nstalling a video surveillance system helps protect against false claims, improve operator safety and reduce overall risk for transit systems, but safety and security departments need to plan ahead to avoid being swamped by requests to deliver video evidence. To reduce strain on resources supporting your video safety program, there are several strategies to ensure success. Publish a video surveillance policy The first step in maintaining a manageable workload for staff handling video requests is by creating a comprehensive video management policy. Your policy should cover the ‘5 W’s’ - who, what, when, where, and why video footage should be accessed. Clearly describe the situations when it is appropriate to pull and review video footage as a pro-active measure in reducing the number of frivolous requests for video review. This can save your security team a lot of time and effort in the long run. Detail why video surveillance is being conducted and what will be reviewed, citing the steps you’ve taken to protect the privacy of operators and the general public. Ensure that you have consulted any union and legal representation to protect the privacy of individuals recorded, and ensure the integrity of video evidence. Assign roles and be specific about who is authorized to maintain versus view versus distribute video and to whom. Dictate exactly where video will be stored and for how long. Video protection features A good video surveillance policy will ensure video does not get into the wrong hands and become a viral sensation on YouTube, or a PR nightmare, but there are a few features you should also look for before selecting the right video surveillance system. The first is a locked case for the digital recorder that prevents cables from coming loose and unauthorized access to storage media. Cameras should also be tamperproof and vandal-resistant. Aside from physical security features on video hardware, playback software should feature proprietary video formats so video cannot be viewed without authorized software. Password protection can further limit unintentional access to software installed on a shared device. Privacy blurring is critical to
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Minimize video retrieval and handling The best way to reduce video retrieval and incident investigation timeframes is to invest in automatic wireless downloading and video management software. Without it, you risk having requests from insurance companies and law enforcement tying up resources to retrieve hard drives, a timeconsuming task when buses are parked in multiple yards, or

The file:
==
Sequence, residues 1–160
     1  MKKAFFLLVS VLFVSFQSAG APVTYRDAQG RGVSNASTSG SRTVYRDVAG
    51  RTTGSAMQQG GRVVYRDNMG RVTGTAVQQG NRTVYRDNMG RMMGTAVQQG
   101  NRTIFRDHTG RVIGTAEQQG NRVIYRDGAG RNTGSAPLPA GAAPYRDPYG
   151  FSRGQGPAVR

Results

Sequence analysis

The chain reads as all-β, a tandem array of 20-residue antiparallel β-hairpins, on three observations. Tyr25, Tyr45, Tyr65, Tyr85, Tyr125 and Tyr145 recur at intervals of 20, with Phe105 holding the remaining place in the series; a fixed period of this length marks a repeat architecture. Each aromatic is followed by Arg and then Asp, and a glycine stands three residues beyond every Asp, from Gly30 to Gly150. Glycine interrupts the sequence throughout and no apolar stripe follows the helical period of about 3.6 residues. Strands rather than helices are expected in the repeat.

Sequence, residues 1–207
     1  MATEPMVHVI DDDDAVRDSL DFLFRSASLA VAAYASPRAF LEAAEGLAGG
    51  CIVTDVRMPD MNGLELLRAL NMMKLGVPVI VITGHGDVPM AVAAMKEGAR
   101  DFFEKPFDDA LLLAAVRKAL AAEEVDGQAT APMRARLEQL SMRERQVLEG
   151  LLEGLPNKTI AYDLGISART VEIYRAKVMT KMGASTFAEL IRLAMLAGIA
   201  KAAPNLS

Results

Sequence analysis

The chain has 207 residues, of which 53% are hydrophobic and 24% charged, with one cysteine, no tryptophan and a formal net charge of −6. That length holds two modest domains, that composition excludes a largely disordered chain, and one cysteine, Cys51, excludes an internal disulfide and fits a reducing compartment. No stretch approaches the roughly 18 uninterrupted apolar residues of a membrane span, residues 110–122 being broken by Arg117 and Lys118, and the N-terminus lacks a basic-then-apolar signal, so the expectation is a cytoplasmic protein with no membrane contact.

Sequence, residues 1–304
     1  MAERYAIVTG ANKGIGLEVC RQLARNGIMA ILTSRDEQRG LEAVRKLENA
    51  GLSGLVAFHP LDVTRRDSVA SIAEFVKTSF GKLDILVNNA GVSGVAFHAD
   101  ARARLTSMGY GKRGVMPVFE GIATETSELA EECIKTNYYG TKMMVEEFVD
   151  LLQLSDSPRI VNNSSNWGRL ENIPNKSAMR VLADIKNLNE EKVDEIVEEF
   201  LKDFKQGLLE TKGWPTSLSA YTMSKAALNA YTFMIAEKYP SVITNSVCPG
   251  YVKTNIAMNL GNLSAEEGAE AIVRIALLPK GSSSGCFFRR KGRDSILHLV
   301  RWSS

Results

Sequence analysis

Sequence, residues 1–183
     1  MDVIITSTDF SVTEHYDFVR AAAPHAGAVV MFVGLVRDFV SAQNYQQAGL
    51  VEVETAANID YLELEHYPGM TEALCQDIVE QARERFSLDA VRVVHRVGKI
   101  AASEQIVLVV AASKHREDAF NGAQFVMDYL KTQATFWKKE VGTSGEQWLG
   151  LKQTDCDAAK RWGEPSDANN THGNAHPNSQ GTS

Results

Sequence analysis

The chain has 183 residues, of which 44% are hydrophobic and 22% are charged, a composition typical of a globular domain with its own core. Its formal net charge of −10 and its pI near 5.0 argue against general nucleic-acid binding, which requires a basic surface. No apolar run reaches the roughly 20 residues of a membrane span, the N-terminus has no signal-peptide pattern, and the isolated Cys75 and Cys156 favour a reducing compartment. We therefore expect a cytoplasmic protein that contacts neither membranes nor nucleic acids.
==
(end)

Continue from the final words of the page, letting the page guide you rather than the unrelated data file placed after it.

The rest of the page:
spread across a large geographic area. Avoid an exhausting search for which bus may have been in the area at the time, and tedious review of hours of irrelevant footage by using video management software to create a zone of interest and display any bus routes that travelled through that area in a given timeframe. You can click on the route path on a map to set start and end points to schedule video download when buses return to the yard. Or you can have alarmed video trigger automatic downloads for later review. A word of caution when architecting your wireless network: Video requires a high-bandwidth connection with consistent throughput and connectivity to ensure fast, reliable downloads. Ensure your chosen vendor has Certified Wireless Network Administrators (CWNAcertified) on staff to avoid any unpleasant surprises down the road. Proactive maintenance One last tip to ensure video is always there when requested is a pro-active maintenance program. Just like your fleet vehicles, video surveillance systems require regular inspection and maintenance for smooth operation. Video management software can help save time by providing authorized maintenance personnel a cloud-based system health dashboard indicating which surveillance equipment needs attention. See immediately which hard drives have been left unlocked or not replaced, cameras need maintenance, and even GPS units need adjustment. Scheduled, random automated video clip downloads can even help identify cameras not positioned correctly or tampered with. These are just a few practical tips that, when addressed up-front, can help make managing video easier. Don’t wait until you’re overloaded with requests for video footage. Plan ahead to make better use of technology to free up staff to focus on what they do best – keeping your transit system running safely and efficiently. Lori Jetha serves as marketing manager for Seon, a video surveillance and fleet management company based on Coquitlam, BC, Canada. Visit www.seon.com.